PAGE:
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Average customer rating:
4.0 out of 5
ISBN/ASIN : 080101252X
Manufacturer : Baker Books|
Release data : June, 2003
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Dr. Neil R. Lightfoot provides an overview of the collation of the Biblical text. He provides sufficient detail for understanding various components of such a complex history. However, the lower rating derives from repeated frustration at perceived apologetic overtones throughout the book. For example, on page 29 he discusses the fact that the original New Testament manuscripts were written in the contemporaneously common Greek language. He ascribes this to "the providence of God, since the gospel was to be proclaimed to every creature, that the New Testament writers made use of a language that was known throughout the Mediterranean world." Such unsubstantiated assertions (and his near polemical treatment of the uncanonized status of the apocryphal texts in Chapter 15) mar an otherwise decent exposition. I would advise looking elsewhere for a less overtly-biased historical account.
Don't be fooled by its 'simplicity'
Coming from a position of knowing little about the manuscripts behind the Bible, this book was most helpful in presenting a balanced and readable account of the key issues. It includes the different physical types of manuscripts, a survey of all the significant manuscripts, an introduction to techniques of textual criticism for resolving uncertainty in the text, evidence on how and when the canon was established, and short considerations of the most English translations of the Bible. The presentation is strong on fact and low on rhetoric, and yet very readable - an ideal combination.
Naturally I found myself wishing the book would go into more detail on many a subject: but I suppose that is actually a mark of its success in getting to the heart of the key issues. So then I moved on to what I thought were more in-depth books, such as that by FF Bruce. What surprised me was that I found time and time again that Lightfoot actually gave more *facts* per square inch than any other comparable book. I can hardly think of one significant fact I learned from the other books which wasn't already in Lightfoot's. So don't be put off by suggestions that it might be a bit light, superficial, and basic. There is more in it than many books twice the size.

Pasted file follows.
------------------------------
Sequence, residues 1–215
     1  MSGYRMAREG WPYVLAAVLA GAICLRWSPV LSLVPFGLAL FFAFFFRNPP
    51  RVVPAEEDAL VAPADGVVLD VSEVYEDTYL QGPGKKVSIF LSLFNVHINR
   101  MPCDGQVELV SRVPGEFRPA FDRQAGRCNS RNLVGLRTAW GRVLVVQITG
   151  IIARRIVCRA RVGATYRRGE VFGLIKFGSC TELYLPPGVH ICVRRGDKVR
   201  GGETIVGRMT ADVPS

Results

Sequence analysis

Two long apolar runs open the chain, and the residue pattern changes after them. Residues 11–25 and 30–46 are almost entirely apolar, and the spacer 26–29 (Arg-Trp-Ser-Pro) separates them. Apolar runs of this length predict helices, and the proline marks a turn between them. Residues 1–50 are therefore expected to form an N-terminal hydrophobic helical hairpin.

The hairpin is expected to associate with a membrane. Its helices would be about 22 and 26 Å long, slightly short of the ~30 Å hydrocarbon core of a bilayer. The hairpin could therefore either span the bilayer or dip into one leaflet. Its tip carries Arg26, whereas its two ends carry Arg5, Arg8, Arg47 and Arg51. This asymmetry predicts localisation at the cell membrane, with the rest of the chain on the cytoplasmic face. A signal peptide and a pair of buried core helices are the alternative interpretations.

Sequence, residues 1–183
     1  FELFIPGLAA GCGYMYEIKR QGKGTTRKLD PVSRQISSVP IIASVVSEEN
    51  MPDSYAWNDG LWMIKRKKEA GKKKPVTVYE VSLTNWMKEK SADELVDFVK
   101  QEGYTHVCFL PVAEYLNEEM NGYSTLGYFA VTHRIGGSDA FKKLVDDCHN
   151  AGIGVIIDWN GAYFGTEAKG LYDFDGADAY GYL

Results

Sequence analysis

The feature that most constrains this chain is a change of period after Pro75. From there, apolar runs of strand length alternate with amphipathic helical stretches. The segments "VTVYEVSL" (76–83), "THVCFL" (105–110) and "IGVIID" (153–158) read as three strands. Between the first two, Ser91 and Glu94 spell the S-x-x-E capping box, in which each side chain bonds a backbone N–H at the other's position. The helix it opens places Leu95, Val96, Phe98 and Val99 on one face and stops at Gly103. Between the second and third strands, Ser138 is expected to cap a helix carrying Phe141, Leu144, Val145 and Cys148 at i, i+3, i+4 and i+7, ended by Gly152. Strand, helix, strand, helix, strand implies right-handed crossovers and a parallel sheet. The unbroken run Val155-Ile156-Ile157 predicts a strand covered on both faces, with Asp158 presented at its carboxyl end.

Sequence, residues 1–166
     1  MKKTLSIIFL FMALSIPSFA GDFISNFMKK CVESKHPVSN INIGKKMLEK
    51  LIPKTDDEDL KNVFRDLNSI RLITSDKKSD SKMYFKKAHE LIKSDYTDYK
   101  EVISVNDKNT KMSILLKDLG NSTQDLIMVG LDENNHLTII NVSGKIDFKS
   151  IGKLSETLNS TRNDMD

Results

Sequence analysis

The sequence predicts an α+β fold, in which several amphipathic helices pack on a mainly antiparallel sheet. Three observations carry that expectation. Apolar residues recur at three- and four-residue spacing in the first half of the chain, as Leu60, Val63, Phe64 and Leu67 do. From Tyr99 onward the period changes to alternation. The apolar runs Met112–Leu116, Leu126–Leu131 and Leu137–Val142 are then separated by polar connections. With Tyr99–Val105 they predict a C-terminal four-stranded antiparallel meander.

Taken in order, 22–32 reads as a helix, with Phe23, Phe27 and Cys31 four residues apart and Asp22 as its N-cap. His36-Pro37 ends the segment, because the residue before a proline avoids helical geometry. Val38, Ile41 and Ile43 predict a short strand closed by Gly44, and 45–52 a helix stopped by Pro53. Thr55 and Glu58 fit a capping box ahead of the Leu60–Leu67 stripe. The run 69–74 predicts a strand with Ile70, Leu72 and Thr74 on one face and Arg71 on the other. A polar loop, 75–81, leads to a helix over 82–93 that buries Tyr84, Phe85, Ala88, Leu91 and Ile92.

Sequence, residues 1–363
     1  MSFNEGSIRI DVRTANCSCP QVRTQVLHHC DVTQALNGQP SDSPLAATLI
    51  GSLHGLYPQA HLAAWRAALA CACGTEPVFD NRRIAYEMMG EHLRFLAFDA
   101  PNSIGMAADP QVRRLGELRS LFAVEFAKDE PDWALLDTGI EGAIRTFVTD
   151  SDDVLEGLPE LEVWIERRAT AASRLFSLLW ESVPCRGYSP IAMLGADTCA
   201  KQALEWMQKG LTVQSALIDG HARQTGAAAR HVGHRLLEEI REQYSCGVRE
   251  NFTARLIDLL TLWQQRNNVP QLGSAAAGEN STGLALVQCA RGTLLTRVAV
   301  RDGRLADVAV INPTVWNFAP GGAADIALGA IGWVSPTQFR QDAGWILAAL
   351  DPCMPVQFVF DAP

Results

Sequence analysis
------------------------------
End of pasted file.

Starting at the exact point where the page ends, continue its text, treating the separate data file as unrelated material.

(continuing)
There are one or two points which could usefully have been addressed without adding too many pages. For example, Lightfoot tends to assume implicitly that older manuscripts are better, almost by definition. In view of the hot debate on this issue, a short, factual contribution would have been welcome. Also, a more factual rebuttal of critics who erroneously claim that the texts are unreliable, rather than just a few important quotes and statements, would have been helpful.
One of the legacies of reading this book is that I find that I can now make sense of - and take an interest in - a lot of the debates and arguments which rage over the text and its translation. In my opinion, it is the best book out there for someone wishing to learn the key facts about the Bible manuscripts in as short a time as possible.
Simple to Understand
If you are not a scholar but want to know more about where the Bible has come from this is the book for you! Lightfoot does a wonderful job of laying out the facts and presenting them in a way that is easy to understand.